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the medical science that studies the theory and practical use of ionizing radiation in the diagnosis and treatment of disease; it also studies the biological effects of ionizing radiation.
Radiology developed at the turn of the 20th century as a result of the discovery of X rays in 1895 and natural radioactivity in 1896. Its development as an independent discipline was related to advances in physics, chemistry, technology, and biology. In its initial stage, when X rays of low intensity and natural radioactive isotopes were used, the principles and methods common to both radiology and radiobiology were formulated; these sciences were later to become differentiated. The foundations for radiodiagnostics and radiotherapy, in the form of roentgenotherapy and curietherapy, were also established at this time.
The discovery of artificial radioactivity in 1934 and the development of atomic energy led to the creation of new scientific areas of study and branches of radiology including the following: the clinical aspects and therapy of radiation injuries; radiation hygiene, which studies the effect of ionizing radiation on human health; various methods of protecting the environment against contamination by radioactive substances and ensuring the safety of the population against radiation; and radioisotope diagnosis, which utilizes artificial radioisotopes and their compounds to study complex biochemical, physiological, and pathophysiologic processes in the body. Teletherapy was developed, which uses powerful gamma-ray sources with linear accelerators, betatrons, and such isotopes as 60Co and 137Cs. Medicinal preparations in the form of solutions, needles, beads, and applicators containing 198Au, 60Co, and 99Y were also developed, as were methods of proton, neutron, and meson therapy.
Usage of a particular treatment is based on differences in the distribution of a radiation dose in irradiated tissue and the relative biological effectiveness of the treatment in that area. The large number of differing sources of ionizing radiation used in therapy has been responsible for the improvement of clinical dosimetry. Dosimetry is aimed at substantiating the physical parameters of radiotherapy, which take into account the nature of the reaction of living tissue to irradiation. The theories and methods of radiology are used in different branches of medicine and often influence diagnosis and therapy.
In the USSR and some other countries, radiology and roentgenology are viewed as independent disciplines; and separate institutes, university subdepartments, societies, and journals are devoted to each discipline. In many countries, radiology includes roentgenology. Radiation therapy is often referred to as radiotherapy, and radioisotope diagnosis, as nuclear medicine.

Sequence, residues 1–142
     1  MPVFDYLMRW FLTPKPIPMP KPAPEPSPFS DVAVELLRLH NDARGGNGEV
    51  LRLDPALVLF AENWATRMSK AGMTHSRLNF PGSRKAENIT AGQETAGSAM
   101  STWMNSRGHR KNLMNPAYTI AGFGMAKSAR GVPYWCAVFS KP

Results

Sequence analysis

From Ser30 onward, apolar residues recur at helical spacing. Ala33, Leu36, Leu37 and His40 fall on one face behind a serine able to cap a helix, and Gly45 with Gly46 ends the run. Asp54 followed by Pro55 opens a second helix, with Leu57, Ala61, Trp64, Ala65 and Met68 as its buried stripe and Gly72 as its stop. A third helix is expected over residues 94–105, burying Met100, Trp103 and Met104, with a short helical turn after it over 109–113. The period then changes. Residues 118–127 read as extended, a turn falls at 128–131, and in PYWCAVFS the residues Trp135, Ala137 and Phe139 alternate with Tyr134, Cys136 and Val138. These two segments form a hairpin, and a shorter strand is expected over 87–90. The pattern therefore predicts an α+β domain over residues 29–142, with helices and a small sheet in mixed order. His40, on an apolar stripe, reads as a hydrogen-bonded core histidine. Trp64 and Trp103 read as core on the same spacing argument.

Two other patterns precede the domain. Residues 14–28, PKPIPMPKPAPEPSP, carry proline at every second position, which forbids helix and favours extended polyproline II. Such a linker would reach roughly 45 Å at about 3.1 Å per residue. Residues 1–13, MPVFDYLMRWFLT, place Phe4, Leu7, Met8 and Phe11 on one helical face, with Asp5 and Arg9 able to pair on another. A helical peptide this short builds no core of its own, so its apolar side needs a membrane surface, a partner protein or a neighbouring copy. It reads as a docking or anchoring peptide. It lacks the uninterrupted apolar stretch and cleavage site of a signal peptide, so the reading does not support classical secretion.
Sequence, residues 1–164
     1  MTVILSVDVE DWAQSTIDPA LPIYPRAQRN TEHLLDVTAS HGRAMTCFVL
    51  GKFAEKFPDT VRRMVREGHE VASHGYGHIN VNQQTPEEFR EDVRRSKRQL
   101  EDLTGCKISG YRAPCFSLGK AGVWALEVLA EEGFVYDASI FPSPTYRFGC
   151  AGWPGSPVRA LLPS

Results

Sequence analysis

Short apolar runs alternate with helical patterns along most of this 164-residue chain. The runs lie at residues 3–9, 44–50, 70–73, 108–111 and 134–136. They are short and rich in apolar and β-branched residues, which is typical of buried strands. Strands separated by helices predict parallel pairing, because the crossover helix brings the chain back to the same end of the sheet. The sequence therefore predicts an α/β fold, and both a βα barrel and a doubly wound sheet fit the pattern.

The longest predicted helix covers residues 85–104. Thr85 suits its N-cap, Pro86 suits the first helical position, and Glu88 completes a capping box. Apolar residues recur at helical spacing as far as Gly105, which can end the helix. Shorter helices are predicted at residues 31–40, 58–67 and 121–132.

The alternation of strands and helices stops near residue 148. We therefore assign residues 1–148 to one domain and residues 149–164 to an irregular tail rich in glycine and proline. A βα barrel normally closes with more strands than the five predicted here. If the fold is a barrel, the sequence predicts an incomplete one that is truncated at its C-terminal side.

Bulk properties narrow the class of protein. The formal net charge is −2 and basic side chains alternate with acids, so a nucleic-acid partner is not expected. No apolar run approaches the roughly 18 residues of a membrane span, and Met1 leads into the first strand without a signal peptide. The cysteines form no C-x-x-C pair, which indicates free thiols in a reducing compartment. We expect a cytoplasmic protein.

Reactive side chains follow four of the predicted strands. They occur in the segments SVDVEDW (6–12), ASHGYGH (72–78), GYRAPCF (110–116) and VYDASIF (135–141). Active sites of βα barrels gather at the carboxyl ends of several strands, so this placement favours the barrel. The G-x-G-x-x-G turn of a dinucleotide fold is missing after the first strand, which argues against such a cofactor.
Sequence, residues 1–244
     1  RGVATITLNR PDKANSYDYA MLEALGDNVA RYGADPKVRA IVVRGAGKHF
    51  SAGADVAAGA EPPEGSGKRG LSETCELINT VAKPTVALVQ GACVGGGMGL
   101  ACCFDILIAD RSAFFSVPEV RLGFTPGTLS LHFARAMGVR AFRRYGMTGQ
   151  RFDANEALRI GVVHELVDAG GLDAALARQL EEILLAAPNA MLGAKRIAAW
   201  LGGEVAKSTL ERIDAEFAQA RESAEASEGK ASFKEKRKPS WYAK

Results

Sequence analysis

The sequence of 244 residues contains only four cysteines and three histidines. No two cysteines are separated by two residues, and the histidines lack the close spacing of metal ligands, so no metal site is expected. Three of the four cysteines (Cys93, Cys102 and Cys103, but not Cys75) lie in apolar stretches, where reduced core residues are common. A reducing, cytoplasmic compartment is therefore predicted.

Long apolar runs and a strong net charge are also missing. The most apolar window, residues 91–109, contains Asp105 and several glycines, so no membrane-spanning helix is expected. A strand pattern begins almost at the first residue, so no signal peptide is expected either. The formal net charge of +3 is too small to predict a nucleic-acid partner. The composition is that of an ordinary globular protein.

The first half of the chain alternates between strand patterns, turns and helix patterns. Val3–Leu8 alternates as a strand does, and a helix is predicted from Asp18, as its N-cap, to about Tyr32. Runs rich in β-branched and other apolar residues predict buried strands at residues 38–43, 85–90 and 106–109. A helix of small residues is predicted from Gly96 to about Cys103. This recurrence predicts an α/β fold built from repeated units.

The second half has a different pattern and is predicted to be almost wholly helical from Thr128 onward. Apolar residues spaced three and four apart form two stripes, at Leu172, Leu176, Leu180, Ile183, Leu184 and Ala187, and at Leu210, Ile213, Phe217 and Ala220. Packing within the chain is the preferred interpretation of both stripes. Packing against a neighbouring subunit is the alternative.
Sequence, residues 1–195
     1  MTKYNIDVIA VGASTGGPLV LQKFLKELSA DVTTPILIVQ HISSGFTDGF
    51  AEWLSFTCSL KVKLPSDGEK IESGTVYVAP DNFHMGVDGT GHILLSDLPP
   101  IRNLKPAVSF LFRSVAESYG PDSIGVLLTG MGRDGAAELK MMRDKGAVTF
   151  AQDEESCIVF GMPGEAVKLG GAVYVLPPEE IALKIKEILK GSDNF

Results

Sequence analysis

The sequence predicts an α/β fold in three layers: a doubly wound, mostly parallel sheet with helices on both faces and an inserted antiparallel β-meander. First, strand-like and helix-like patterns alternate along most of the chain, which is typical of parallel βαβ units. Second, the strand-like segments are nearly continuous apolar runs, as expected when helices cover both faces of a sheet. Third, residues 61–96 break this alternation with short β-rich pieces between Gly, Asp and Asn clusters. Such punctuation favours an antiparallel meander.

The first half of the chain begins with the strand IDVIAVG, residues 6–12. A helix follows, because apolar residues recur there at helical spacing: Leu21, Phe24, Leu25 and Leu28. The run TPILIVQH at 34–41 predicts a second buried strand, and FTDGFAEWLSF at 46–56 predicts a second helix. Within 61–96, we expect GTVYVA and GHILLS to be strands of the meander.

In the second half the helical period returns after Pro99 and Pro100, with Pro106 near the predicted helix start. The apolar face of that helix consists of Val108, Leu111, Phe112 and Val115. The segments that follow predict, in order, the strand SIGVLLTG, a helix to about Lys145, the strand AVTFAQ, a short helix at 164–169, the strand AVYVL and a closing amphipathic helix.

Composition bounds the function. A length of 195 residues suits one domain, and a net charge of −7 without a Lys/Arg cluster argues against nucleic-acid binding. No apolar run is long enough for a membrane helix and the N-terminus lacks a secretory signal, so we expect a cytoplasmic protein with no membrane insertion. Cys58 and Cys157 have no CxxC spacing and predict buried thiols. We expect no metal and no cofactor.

The leading radiology research centers include the Institute of Medical Radiology of the Academy of Medical Sciences of the USSR, the Central Scientific Research Institute of Roentgenology and Radiology of the Ministry of Public Health of the USSR, and the Moscow Scientific Research Institute of Roentgenology and Radiology of the Ministry of Public Health of the RSFSR. Radiology research centers outside the USSR include the Gustave Roussy Institute and the Radium Institute (France) and Anderson Hospital and the Cancer Institute (USA). In the USSR, medical radiology is taught in the roentgenology and radiology subdepartments of medical institutes. Journals on radiology include Meditsinskaia radiologiia (Medical Radiology; founded 1956) and Vestnik rentgenologii i radiologii (Journal of Roentgenology and Radiology; founded 1920).
REFERENCESKozlova, A. V. Luchevaia terapiia zlokacheslvennykh opukholei. Moscow, 1971.
Pereslegin, I. A., and Iu. Kh. Sarkisian. Klinicheskaia radiologiia. Moscow, 1973.
Bases physiques de la radiothérapie et de la radiobiologie. Paris, 1963.
Radiation Dosimetry. Edited by G. I. Hine and G. L. Brownell. New York, 1956.
Glocker, R., and E. Macheranuch. Röntgen- und Kernphysik für Mediziner und Biophysiker, 2nd. ed. Stuttgart, 1965.
V. Z. AGRANAT and F. M. LIASS